History of the Land
The area was originally inhabited by the Mohican Indian tribe until it was bought by the Dutch jeweler and merchant Kiliaen van Rensselaer. In approximately 1630, Killian Van Rensselaer was granted authority by the Dutch West India Company to develop Rensselaerswyck. The patroonship, initially granted for the west side of the Hudson River, gradually expanded during the 1600’s to include most of what is now Rensselaer and Albany Counties outside the City of Albany. Rensselaerswyck was the only one of the early patroonships which survived and prospered through the English colonial period into the early years of the American Republic.
The patroonship was a quasi—feudal land development scheme. Settlers leased their land for settlement and productive use from the patroon who retained ownership. In exchange for the lease, the settler was obligated to pay the patroon who retained ownership. In exchange for the lease, the settler was obligated to pay the patroon an annual rent. David DeFreest and his three sons, Phillip, Martin, and Jacob, all became settlers of the Van Rensselaer Patroon. All three sons raised huge families, were leaders of the community and became patriots in the Revolution. The hamlet of Defreestville, located in the Town of North Greenbush, was names after the family.
The anti-rent was of the early 19th century expressed the revolt of independent local American farmers to the perpetual obligation to a wealthy landowner. In response to the anti-rent controversy, the New York State legislature forces an end to the lease holding by 1850.
By the early 1900’s the property of the descendants of the Phillip DeFreest had passes into the Jordan family, which continued to occupy and farm the land until 1940. Rensselaer Polytechnic Institute (RPI) acquired this land in 1969. The original pans of RPI, to move their campus to the site, were abandoned when additional land became available near their present location in the city of Troy. After considering a number of possible uses for the land, RPI announced plans to develop it into a high-technology park in 1981.
The DeFreest Homestead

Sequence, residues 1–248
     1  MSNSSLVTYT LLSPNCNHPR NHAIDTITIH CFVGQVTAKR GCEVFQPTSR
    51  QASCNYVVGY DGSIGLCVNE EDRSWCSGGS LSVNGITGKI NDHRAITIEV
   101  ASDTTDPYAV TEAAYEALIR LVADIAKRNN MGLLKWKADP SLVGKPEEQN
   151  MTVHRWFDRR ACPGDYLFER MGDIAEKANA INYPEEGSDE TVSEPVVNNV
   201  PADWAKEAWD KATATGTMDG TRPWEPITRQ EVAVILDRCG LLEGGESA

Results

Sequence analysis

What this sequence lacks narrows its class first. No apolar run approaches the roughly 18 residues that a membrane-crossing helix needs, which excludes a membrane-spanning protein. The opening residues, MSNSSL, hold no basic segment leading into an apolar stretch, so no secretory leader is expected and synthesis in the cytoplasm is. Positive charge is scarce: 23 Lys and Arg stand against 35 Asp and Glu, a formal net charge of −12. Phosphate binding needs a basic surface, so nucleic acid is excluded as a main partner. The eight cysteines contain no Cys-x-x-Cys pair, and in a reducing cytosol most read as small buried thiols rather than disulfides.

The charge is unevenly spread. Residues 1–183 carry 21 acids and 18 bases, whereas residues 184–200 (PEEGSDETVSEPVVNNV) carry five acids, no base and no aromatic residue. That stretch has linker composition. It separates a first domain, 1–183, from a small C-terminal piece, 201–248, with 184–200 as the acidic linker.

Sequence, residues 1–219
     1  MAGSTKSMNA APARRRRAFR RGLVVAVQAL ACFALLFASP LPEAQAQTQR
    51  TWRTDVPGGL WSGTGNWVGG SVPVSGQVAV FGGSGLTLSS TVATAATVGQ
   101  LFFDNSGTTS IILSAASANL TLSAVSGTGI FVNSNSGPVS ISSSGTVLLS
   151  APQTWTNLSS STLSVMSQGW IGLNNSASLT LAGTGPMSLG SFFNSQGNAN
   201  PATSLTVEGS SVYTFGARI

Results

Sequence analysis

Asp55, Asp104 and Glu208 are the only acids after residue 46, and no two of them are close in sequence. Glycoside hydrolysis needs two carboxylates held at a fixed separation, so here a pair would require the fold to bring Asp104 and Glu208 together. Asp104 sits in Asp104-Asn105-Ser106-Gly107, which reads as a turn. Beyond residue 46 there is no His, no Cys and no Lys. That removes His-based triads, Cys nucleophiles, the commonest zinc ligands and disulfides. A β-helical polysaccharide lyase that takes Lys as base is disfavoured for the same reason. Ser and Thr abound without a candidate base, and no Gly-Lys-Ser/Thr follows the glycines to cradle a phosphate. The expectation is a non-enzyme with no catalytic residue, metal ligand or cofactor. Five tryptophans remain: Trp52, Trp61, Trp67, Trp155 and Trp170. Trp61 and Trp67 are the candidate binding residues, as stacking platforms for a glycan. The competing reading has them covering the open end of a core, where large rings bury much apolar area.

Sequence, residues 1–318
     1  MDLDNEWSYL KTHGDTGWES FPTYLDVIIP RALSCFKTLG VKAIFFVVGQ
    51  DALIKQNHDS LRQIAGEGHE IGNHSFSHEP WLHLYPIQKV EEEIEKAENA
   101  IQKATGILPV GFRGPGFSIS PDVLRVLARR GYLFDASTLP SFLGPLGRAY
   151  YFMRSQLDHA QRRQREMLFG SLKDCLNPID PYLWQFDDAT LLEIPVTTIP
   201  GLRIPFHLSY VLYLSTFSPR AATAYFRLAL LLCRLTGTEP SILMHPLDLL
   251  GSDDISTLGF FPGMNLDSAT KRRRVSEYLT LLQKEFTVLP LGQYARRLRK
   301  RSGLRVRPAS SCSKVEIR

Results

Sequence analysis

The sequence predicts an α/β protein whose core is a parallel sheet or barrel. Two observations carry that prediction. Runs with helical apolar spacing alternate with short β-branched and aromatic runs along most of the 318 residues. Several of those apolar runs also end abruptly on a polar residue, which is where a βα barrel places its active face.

Historians speculate that Philip DeFreest built his home about the time of his marriage in 1740. It is possible that the frame portion was constructed by Phillip’s father, David, as early as 1720. The DeFreest House, currently the Technology Park main office, is strategically located on a wooded triangle of land overlooking a stream and Hudson River Valley. Within its walls and foundations are priceless clues to the lives and personalities of the early Dutch settlers of the Valley.
The DeFreest homestead was one of the early Rensselaers Wick fames and is a rare surviving example of 18th century Dutch architecture of the region. This building (along with the a companion homestead – the David DeFreest house – which is privately owned on nearby land) retains many of the elements of its original construction, which dates from a period when each and every building was an induvial production of elements laboriously made by hand.
The main portion of the house is a gambrel-roofed structure, one and a half stories high, of brick laid up in Flemish bond. The rear wing is a gable-roofed addition, also one and a half stories in height. Both the gambrel-roofed design and a number of architectural details, such as the exposed knee brace, smooth planed beams and ceiling planks, rooflines that are flush with the gable ends, plain wrought iron beam anchors and some splayed brick lintels, were characteristics of homes in the Hudson Valley during this period. Of particular note is the use of small hand-made, unevenly fired bricks, which provide outstanding testimony to the individual labor which went into the building materials as well as construction. The excellent condition of these materials and house itself speak well for the workmanship of the Phillip DeFreest family.
There are also two known cemeteries in the park that can help us piece together the history of the people who lived on this land. One located in close proximity to the DeFreest house and the other located near 400 Jordan road.
The DeFreest house, along with the adjoining land passed from the DeFreest family to the Jordan family, which continued to use it as a residence until 1940. By the time RPI took ownership of the DeFreest/Jordan property, the building had been vacant for a number of years. In 1977, through the efforts of RPI and local historical societies, the Phillip DeFreest homestead ( and the nearby David DeFreest homestead) were listed on the “National Register of Historic Places.”